Freedom of expression, as required in the 1st Amendment, may be the most important and fundamental right in American democracy. But what does it really mean, and are there any limits to that freedom?
Money is surely one of the most common means of expression, as it is spent on all forms of interests, wishes and views. Consequently, a complete ban on political spending clearly would violate the 1st Amendment.
We know and accept, however, Oliver Wendell Holmes’ ruling that free speech does not protect the freedom to cry “fire” in a crowded theater. Since then, there have been many arguments about what constitutes “fire,” and exactly how to define a “theater.”
So we already have some limits on freedom of expression. And, if there can be some limits, presumably there may be other appropriate limits to address the developments in political campaign spending.
Staying within Holmes’ fire/theater standard is not unreasonable. “Speaking” on political topics with billions of dollars triggers the same reaction in most people as crying fire in a theater, given the nature of TV and the internet in the modern world, makes the whole country the theater. Why, then, do some people seek to conflate freedom of expression with unlimited spending?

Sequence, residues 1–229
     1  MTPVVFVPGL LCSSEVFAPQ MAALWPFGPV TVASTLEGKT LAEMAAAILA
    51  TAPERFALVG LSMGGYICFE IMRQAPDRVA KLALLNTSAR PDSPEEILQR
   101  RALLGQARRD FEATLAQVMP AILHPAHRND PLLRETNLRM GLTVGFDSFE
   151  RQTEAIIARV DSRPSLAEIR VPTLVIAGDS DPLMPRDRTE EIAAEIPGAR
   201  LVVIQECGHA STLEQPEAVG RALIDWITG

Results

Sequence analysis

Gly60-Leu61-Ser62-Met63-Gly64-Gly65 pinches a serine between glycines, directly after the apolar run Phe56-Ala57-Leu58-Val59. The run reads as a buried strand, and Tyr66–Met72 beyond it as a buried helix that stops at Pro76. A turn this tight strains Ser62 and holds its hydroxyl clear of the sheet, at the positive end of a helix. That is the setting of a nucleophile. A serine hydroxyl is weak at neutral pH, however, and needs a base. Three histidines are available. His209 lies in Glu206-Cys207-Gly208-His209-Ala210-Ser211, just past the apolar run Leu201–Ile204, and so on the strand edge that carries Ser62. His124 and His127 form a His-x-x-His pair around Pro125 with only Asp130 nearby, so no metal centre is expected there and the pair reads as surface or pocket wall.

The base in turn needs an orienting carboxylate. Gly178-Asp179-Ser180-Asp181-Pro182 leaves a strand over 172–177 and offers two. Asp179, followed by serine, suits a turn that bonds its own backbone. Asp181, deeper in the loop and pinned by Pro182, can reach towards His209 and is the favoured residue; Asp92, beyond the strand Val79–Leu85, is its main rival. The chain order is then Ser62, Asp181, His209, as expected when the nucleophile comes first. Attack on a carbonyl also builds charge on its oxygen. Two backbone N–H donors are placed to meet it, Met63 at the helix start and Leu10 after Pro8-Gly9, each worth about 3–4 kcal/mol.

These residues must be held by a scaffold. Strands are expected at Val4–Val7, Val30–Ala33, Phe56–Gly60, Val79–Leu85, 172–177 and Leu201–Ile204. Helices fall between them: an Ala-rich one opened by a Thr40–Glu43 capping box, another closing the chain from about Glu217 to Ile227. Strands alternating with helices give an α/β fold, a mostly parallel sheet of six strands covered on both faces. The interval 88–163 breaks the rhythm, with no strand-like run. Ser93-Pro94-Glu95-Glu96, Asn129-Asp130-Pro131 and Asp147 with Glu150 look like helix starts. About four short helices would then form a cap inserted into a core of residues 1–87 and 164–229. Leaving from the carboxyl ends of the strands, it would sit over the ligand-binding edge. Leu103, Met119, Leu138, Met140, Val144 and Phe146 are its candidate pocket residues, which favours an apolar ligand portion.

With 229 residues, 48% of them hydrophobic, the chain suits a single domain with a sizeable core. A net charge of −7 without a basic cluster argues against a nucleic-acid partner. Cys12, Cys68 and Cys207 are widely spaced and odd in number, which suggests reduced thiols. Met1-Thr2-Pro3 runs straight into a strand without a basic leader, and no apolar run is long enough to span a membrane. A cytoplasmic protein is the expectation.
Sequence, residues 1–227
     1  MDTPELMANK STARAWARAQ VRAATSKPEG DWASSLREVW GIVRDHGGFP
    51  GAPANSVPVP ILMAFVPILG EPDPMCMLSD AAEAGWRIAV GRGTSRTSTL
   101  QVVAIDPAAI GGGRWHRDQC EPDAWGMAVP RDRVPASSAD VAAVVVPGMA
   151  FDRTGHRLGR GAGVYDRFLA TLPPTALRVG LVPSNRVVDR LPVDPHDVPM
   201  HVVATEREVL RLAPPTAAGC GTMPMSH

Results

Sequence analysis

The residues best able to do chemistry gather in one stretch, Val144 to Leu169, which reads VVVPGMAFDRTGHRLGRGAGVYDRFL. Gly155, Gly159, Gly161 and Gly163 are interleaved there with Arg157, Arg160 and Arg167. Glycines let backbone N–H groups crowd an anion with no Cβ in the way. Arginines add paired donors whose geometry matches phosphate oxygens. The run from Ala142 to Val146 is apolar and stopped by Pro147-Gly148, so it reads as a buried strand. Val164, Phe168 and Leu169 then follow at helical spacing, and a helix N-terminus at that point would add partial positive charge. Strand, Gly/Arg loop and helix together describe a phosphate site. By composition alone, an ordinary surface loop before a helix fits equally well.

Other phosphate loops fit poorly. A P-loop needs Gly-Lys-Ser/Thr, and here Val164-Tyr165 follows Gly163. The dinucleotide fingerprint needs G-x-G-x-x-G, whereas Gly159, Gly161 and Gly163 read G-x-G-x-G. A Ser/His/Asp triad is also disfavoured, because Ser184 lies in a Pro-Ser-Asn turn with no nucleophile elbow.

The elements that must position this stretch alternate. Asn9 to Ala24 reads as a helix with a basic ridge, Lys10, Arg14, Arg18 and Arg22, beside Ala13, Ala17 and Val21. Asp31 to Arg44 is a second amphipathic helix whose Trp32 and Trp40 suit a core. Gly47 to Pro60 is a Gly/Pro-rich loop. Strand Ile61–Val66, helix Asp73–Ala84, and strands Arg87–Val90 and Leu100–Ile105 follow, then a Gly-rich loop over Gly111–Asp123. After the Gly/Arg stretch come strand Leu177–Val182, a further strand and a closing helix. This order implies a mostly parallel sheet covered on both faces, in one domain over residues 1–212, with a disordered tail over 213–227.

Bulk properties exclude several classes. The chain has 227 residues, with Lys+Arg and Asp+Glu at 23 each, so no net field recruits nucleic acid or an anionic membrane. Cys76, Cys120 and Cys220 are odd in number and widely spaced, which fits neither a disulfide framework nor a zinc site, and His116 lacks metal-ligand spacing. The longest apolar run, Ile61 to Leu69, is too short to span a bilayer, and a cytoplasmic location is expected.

Though “one person one vote” is not enshrined in our Constitution in so many words, it is nevertheless a bedrock doctrine in genuine democracy.
It follows logically then that everyone should have freedom of financial expression, but I believe that everyone should have the same freedom up to the same reasonable limit.
To do otherwise would be to cede much more freedom of expression to the wealthy. That would create a serious distortion of the framer’s clear intentions.
Our legal system permits many behaviors only up to a certain point–but not beyond.
How about allowing everybody to express their political views with money, up to -say- $1,000 , simply to throw out a number to start a discussion. That would ensure universal freedom of expression, in a reasonable amount – perhaps enough to make a difference, but not enough to be dangerous.
By allowing any one person to spend unlimited money in the political arena, we open floodgates to dangerous favoritism, corruption, distortions, and give disproportionate political power to small and fringe minorities.
We should enact, by legislation, an annual per-person reasonable limit – in accordance with the first amendment, enabling universal expression, to significantly improve the working of our democracy.